The New Bedford Art Museum/ArtWorks! (608 Pleasant Street) hosts “Tribute” featuring New Bedford Open Studios artists, plus their annual Juried Members Exhibition.

Head to the New Bedford Whaling National Historical Park as the Working Waterfront Festival presents “Ship to Shore: Family and Community in the New Bedford Fishing Industry,” a talk by Diana Lempel at 7:30 pm.

Check out the Mayor’s Gallery at New Bedford City Hall (133 William St.) to see a sea-inspired exhibition by New Bedford artists.

‘Tis the season for holiday music! The New Bedford High School Drama Club will carol along William Street and Custom House Square. Plus Pilgrim United Congregational Church presents a Holiday Sing-a-long from 7:00 to 8:30 pm (635 Purchase St.).

WBSM DJ Phil Paleologas will broadcast live from Custom House Park, 6:00 to 8:00 pm.

Cafe Arpeggio (800 Purchase St.) hosts a special holiday concert with the String Benders from 6:00 to 7:00 pm, followed by their weekly open mic from 7:00 to 10:00 pm.

Like us on Facebook, follow us on Twitter @ahanewbedford, and join us on Instagram @ahanewbedford.

All activities are FREE and open to the public. Year-round programming is funded in part by the Mass Cultural Council’s John and Abigail Adams Arts Program, The Island Foundation, The NEA, The City of New Bedford, the AHA! partners, individual supporters and in-kind marketing support from The Wanderer and Edible South Shore/SouthCoast. For more information, call 508-996-8253 x205.

First time visitors may want to start AHA! Night at the National Park Visitor Center (33 William Street). Complete program flyers with maps are also available at all AHA! venues starting the Tuesday prior to each event.

Directions: From I-195 E or W, take Exit 15 (Rte. 18). Follow Rte. 18 to 2nd traffic signal; take a right onto Union St. At the first traffic signal, take a right onto Second Street and take your first left for parking in Custom House Square or continue on two blocks to the Elm Street garage. On-street parking also available for free after 6:00 pm.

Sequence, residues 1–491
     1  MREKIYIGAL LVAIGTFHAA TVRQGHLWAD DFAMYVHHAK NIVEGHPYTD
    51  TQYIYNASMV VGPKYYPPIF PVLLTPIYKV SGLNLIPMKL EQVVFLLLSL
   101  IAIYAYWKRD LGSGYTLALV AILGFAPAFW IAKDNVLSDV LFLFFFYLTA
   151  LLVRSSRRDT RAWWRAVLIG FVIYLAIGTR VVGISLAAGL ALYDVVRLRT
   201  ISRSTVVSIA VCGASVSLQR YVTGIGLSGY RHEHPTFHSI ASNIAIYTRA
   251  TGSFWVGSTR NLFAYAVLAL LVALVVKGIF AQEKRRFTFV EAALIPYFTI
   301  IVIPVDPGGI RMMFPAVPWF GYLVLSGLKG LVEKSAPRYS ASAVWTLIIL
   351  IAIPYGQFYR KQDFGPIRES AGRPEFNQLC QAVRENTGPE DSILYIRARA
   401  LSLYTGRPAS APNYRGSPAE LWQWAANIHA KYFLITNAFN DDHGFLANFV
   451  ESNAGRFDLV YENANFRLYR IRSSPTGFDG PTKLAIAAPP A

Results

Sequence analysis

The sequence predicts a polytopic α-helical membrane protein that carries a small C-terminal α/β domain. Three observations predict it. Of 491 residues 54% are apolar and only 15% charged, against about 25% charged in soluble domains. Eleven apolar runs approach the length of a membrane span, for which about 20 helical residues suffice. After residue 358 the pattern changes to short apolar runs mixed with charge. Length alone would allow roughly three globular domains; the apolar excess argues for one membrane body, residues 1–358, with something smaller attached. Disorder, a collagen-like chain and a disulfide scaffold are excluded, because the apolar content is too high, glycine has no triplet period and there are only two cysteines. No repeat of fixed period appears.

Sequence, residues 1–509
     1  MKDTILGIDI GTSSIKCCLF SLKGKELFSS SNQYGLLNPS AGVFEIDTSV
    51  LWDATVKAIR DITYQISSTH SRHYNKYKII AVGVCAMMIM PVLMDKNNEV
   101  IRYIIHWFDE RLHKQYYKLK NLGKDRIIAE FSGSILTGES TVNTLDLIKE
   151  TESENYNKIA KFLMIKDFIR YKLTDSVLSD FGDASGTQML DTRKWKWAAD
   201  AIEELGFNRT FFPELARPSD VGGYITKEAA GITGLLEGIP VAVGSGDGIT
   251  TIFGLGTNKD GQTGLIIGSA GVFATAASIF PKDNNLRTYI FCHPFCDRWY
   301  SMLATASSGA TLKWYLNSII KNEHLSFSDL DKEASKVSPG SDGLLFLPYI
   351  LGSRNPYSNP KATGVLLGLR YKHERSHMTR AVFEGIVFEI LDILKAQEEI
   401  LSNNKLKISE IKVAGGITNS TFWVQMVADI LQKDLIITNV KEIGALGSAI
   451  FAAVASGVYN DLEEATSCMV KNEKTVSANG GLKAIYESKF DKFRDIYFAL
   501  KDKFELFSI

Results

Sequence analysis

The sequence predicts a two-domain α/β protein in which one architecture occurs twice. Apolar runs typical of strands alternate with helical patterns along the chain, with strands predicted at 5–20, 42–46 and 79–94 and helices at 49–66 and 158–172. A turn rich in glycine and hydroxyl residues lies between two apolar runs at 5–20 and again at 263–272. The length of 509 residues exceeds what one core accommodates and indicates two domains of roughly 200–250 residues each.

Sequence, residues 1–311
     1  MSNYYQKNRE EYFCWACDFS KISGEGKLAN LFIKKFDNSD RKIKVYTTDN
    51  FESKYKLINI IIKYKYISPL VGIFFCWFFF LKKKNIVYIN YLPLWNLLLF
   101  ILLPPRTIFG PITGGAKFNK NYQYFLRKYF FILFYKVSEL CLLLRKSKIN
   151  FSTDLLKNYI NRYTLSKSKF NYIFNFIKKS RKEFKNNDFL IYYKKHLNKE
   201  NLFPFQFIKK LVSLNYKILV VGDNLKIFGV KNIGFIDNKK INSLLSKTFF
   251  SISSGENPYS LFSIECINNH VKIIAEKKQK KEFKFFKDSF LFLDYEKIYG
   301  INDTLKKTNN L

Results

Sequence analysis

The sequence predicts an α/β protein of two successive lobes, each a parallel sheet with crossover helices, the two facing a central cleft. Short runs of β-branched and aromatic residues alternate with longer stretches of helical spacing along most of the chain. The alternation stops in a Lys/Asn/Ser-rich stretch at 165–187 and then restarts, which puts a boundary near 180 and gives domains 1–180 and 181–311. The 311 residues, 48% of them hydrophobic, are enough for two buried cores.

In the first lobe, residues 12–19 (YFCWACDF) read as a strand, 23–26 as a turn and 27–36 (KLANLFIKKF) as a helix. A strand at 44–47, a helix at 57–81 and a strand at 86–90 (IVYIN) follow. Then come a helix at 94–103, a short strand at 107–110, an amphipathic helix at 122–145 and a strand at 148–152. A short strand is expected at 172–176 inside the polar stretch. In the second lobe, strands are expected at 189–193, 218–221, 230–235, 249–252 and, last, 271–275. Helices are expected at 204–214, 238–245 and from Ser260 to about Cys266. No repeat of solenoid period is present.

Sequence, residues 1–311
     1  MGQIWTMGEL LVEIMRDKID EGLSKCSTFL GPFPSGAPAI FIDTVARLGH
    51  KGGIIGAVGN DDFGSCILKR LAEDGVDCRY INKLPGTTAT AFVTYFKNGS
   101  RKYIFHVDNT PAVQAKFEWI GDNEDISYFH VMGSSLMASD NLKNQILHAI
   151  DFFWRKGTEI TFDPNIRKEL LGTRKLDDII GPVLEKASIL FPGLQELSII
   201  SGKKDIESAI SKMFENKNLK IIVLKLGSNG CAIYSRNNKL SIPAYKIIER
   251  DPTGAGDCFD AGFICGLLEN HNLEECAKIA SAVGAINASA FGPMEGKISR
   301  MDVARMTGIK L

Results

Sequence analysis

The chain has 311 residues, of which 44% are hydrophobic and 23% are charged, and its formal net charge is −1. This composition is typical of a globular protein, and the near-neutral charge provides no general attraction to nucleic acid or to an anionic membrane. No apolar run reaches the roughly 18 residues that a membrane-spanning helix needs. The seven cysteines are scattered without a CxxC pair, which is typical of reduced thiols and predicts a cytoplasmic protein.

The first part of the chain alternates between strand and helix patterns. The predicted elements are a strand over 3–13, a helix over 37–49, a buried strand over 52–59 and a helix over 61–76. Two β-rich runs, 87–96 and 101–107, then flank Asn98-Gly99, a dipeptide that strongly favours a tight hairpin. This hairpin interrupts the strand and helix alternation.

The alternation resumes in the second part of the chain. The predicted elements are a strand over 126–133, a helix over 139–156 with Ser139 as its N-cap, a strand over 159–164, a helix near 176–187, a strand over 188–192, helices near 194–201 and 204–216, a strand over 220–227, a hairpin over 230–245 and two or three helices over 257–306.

ORR High School Holiday Concert

Michael Barnicle directs the bands and chorus of Old Rochester Regional High School in their annual Holiday Concert. Please join them in an event the whole family can enjoy. This free concert takes place on Thursday, December 11 at 7:00 pm in the high school auditorium.

If you placed a candle order with an ORR music student, the Friends of Old Rochester Music will be at this concert distributing those candles.

Thank You Bruce

Thank You Bruce:

On any given day, my son wouldn’t have more than $5 in his wallet. But on this particular day, he had just withdrawn most of the money from his bank account and added it to the money his friends had given him. This day, they were planning to buy the supplies they needed to start their own business and they had all been saving what they could.

So, of course, it would be this particular day that my son lost his wallet. We frantically looked between the two places he could have lost it – but he was quite sure he must have lost it somewhere at Stop and Shop. When we realized that no one was going to return it to the service desk, we gave up and went home. He was so distraught that he had not only lost his own hard earned money, but his friends’ money also.